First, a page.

Mexican National Sentenced For Firearms And Illegal Pesticides In Connection With Forest Marijuana Cultivation Operation
FRESNO, Calif. — Julio Cesar Villanueva Cornejo, 33, of Michoacàn, Mexico was sentenced today to six years in prison for possessing a firearm and distributing illegal rat poison and insecticides in connection with a large marijuana cultivation operation in the Lilly Canyon area of the Sequoia National Forest, U.S. Attorney Benjamin B. Wagner announced. Villanueva was also ordered to pay $4,294 in restitution to the U.S. Forest Service for the damage to public land and natural resources caused by the cultivation operation. He is subject to deportation after he serves his prison sentence.
“Increasingly, dangerous, unregistered pesticides are being encountered by law enforcement officers who investigate illegal marijuana grows,” said Jay M. Green, Special Agent-in-Charge of EPA’s criminal enforcement program in California. “Through their indiscriminate application, these unregistered pesticides pollute our lands and waters, create a significant safety risk to humans and animals, and present a mounting cleanup expense for taxpayers. Today’s sentence demonstrates the government’s commitment to hold accountable those individuals who traffic unregistered pesticides onto our public lands.”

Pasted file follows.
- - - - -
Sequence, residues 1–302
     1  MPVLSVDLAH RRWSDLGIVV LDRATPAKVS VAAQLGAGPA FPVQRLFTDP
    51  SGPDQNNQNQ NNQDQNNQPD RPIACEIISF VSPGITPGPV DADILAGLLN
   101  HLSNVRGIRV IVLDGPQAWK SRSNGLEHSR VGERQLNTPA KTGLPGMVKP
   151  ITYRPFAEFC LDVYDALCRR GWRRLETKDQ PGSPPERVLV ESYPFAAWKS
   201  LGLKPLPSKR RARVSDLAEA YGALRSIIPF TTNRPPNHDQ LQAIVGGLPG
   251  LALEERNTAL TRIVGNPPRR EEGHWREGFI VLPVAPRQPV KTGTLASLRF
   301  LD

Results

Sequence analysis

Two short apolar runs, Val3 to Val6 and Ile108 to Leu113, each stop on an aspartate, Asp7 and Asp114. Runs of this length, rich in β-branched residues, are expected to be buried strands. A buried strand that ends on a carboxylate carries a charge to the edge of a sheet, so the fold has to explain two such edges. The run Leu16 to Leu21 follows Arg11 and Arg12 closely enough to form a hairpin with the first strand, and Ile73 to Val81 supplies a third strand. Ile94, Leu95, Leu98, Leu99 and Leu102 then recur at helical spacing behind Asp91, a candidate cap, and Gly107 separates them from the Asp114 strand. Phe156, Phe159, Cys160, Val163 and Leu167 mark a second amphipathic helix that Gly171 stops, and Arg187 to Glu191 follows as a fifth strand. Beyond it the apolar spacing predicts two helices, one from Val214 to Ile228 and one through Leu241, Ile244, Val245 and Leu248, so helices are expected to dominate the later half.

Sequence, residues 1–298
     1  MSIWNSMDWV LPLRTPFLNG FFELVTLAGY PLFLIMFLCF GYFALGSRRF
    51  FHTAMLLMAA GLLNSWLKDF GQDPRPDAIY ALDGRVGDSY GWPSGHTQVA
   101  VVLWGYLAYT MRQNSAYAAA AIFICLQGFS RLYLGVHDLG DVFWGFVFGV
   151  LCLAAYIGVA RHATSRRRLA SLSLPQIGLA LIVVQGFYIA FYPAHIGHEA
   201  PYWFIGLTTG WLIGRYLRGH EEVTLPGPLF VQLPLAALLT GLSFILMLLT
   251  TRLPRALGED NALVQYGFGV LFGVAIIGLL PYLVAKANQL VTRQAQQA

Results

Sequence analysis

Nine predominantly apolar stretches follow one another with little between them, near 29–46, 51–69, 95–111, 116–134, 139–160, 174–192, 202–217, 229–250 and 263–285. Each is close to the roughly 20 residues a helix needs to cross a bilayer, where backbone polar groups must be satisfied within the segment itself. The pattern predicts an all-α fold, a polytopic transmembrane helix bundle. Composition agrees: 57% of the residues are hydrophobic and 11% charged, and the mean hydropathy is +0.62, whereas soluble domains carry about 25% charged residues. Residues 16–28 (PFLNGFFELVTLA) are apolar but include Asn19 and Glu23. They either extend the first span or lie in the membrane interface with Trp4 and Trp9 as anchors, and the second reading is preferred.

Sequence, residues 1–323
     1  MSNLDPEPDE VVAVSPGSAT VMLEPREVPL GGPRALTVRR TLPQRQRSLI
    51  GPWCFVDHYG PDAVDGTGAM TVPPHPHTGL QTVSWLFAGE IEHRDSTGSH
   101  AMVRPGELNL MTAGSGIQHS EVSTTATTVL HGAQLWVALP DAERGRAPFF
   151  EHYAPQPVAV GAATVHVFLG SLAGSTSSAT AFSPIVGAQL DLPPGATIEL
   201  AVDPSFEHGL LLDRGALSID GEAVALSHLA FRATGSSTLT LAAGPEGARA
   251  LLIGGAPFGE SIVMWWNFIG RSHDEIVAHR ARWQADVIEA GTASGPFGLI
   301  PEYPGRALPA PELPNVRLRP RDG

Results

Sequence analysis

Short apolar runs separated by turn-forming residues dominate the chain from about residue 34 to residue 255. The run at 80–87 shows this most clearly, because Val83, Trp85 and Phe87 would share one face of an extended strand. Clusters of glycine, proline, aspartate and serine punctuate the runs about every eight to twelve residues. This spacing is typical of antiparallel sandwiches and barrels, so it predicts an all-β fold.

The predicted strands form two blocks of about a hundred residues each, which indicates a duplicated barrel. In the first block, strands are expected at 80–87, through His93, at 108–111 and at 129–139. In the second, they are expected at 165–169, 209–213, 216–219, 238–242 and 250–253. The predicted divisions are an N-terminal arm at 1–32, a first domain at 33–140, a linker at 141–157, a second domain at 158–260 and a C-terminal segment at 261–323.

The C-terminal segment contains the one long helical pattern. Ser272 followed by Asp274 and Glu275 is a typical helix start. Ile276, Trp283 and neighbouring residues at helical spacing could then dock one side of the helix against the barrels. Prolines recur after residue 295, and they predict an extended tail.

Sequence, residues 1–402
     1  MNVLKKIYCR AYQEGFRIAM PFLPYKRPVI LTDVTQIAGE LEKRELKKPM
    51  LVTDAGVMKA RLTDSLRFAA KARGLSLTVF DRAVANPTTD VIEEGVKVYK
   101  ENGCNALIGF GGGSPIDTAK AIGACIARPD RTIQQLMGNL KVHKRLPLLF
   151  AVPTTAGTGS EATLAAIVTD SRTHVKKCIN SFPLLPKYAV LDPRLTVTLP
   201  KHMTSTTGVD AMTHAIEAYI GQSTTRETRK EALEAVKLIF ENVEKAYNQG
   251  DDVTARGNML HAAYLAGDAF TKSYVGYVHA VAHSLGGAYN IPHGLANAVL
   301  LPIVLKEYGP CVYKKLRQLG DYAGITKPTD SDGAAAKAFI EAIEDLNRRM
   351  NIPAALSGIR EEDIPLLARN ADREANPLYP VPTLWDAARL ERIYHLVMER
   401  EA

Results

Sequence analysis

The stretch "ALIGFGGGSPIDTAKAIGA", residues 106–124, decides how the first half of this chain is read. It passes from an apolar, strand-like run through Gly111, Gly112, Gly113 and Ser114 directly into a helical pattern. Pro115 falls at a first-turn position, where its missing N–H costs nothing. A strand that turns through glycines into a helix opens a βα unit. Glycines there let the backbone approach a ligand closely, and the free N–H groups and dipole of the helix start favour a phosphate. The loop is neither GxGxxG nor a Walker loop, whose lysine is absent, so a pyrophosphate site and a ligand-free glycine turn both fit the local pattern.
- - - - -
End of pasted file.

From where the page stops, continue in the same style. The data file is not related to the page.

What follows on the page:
Villanueva’s sentence follows his guilty plea last December. According to court documents, Villanueva delivered chemicals and supplies to a marijuana cultivation operation in the Lilly Canyon area of the Sequoia National Forest. The cultivation operation caused extensive environmental damage. Native oak trees and other vegetation were killed or cut down to make room for the 9,746 marijuana plants planted there. The soil was tilled, and fertilizers, and illegal pesticides, and rodenticides containing zinc phosphide and carbofuran were spread throughout the site. In addition to the illegal pesticides, two firearms, marijuana seeds, and other items associated with the cultivation operation were found.
The EPA has designated zinc phosphide as a restricted use pesticide that may only be purchased and used by, or under the supervision of, a certified applicator. In 2011, the EPA announced that it would ban zinc phosphide for residential sale due to its acute toxicity. Zinc phosphide is highly toxic to humans and wildlife. A single swallow can be fatal to a small child. Carbofuran is highly toxic to vertebrates and particularly toxic to birds. In granular form, a single grain will kill a bird; for humans, one quarter of a teaspoon is a sufficient dose to be fatal. Effective December 31, 2009, EPA cancelled all food tolerances for carbofuran and determined carbofuran is no longer eligible for re-registration.
This case is the product of an investigation by the U.S. Forest Service, U.S. Drug Enforcement Administration, U.S. Immigration and Customs Enforcement’s (ICE) Homeland Security Investigations (HSI); U.S. Environmental Protection Agency Criminal Investigation Division (EPA-CID), and the Kern County Sheriff’s Department. Assistant United States Attorney Karen Escobar handled the prosecution.